The idea behind Papernautic has most to do with scratching a personal itch of mine. Being on the internet for the last 15 years now, I’ve seen paper craft go from niche geek interest, serviced by hand-coded, rudimentary HTML pages, all strictly functional, to hobbyist paradise with flowery blogs, soft focus photos and oodles of Pinterest photo-porn by people who either see it as a solemn craft or a childish pastime. Lots of colour, decoration and mood, very little seriousness and fun. Yes, fun can be serious, and that’s where I wanted Papernautic to fit in.
In keeping with that general direction, I wanted to make a clear visual statement of intent. This could not be another flowery crafting site with people smiling at the camera in their profile pictures, posing in to their pristine living rooms or gardens. This needed to be a little different, and so I wanted my profile picture on my about page to be different, striking rather than inoffensive, and so I came up with the idea of the picture you now see on the about page. Long-haired guy screaming into nothingness, wearing a paper hat, is not exactly your standard hobby-site fare. At the time I was setting up the site, the hair I had in abundance, so the question was, how to make the large origami paper hat.
The right hat
If clothes make the man, then surely this hat would make my about page, so the choice of hat was important. If this was one of those colourful, parent or child-aimed sites, a simple conical dunce hat might have been a good enough visual joke, or something more playful. The idea of the raw-looking profile picture brought to mind something warrior-like, and so samurai hats were the place to look.
The most basic origami samurai hat, the top one in the picture above, was a little too basic. Not so much because of the shape, but because it is a very simple model which lacks much structure. When worn, it becomes an almost conical rounded shape and doesn’t have the standing, literally and metaphorically, which I needed to make the picture look serious. I looked around a bit and came back to a model I’d made for my Instagram account, a taller origami samurai hat model from a slim origami book published by Daiso. This model, the lower one in the picture above, I though would do nicely, so now I had to make a really large one I could wear.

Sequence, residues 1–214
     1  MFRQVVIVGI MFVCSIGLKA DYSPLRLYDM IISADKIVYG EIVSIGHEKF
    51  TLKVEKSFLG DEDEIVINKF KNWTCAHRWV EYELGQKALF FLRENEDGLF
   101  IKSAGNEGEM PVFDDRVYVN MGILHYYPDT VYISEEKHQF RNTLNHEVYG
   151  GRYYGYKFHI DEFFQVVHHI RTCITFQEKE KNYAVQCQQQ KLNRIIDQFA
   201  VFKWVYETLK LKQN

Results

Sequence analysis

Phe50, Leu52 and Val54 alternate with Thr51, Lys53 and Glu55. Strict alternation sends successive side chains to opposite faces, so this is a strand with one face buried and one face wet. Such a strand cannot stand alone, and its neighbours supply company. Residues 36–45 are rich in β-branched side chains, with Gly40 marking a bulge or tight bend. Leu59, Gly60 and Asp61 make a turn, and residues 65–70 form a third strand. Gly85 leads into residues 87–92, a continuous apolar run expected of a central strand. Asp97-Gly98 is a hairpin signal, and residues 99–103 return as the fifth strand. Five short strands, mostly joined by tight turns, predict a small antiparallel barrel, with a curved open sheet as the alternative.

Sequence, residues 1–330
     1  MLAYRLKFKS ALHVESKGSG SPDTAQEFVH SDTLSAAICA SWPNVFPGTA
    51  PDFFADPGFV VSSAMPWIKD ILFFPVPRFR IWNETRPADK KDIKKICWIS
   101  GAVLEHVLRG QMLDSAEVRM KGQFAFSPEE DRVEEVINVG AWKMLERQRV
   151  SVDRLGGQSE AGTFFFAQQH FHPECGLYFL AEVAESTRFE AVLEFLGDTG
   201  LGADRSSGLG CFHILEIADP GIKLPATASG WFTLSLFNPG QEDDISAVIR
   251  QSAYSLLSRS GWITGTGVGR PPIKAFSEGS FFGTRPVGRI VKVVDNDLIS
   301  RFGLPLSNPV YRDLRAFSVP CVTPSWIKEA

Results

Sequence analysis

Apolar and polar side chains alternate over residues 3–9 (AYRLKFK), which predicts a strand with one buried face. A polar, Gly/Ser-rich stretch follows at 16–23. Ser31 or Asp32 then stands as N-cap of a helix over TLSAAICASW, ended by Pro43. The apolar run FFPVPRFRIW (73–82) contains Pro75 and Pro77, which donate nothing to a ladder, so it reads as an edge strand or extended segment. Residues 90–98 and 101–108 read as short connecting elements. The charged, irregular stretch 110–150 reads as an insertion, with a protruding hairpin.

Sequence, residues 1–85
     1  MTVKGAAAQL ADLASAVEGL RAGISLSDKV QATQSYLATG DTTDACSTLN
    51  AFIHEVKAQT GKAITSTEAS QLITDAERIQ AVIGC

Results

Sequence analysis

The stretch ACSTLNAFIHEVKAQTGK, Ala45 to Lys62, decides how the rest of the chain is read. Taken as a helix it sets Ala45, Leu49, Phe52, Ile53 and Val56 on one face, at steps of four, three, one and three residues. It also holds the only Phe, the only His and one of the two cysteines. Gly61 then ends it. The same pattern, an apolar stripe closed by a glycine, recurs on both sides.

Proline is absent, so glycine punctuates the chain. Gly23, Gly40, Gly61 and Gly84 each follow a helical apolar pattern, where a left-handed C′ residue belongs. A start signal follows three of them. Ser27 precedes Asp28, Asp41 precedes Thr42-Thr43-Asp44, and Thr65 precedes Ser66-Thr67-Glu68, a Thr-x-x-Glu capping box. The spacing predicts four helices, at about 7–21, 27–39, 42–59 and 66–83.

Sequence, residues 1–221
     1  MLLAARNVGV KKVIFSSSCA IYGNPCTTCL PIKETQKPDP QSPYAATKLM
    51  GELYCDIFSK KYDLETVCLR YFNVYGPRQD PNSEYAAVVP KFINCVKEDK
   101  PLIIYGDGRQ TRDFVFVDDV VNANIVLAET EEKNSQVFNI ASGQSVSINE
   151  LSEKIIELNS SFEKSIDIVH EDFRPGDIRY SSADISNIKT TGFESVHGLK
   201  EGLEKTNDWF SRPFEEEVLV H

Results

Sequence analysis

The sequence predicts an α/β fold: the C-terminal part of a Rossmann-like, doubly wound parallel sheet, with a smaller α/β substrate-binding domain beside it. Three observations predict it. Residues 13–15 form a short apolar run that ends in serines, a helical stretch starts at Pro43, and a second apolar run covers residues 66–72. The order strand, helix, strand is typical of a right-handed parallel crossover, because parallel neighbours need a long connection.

Large origami paper
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The original samurai hat I’d made for my Instagram photos, like the one above, was made of a small square of note paper, and the result was wearable by my finger. To make up for the difference in size between my fingers and my head, I’d need a much larger piece of paper to start with. From the proportions of the small hat to the small paper, I figured out that to fit my head I’d need a square that was almost a metre long on each side. I was fairly sure I didn’t have such a large sheet lying around.
If this were meant to be a finished piece for display, I’d have sourced a single large sheet, but since this was only for use in a photo and not meant to stand up to close physical scrutiny, I decided to use what I had around the house and make my own larger sheet. Rolls of paper are good because they have near infinite length in one direction, and so you only have to patch them together in one direction. An IKEA roll of children’s drawing paper I had around felt solid enough to work with. IKEA sells them as rolls of 40 metres of paper, so even though this particular roll has been in use for years, length was not an issue.
The roll is 47 cm wide, so two pieces of 47cm X 94cm, joined along their length would make a square close enough to the 1 metre size I needed. I used a narrow band of paper masking tape to create the seam. The paper tape would fold and blend into the large sheet much better than a plastic tape, so it was the simplest choice. Once the two sheets were joined, I had a large 94cm square sheet of off-white paper to work with.
Folding on the floor
I’ve made some very tiny origami. I trained myself to make paper cranes by touch alone, under my school desk, from squares just 2cm across. This 94cm square was by far the largest sheet I’d ever tried to fold anything out off and it was an enlightening experience. Straight-line creases that you take for granted at smaller sizes become challenging at this scale, and more complex tucks become easier because of all the extra real-estate you have to work with.
After not too much folding on the floor, the hat came together quite nicely, and most importantly it fit. As paper hats go, although theatrical, which was what I was going for, it looked quite distinguished and strange. Ultimately I did get my giant origami paper hat, and I shot my profile photos over an hour or so with a tripod, and after much trial and error. The final result is on the about page and I think Papernautic is the better for it.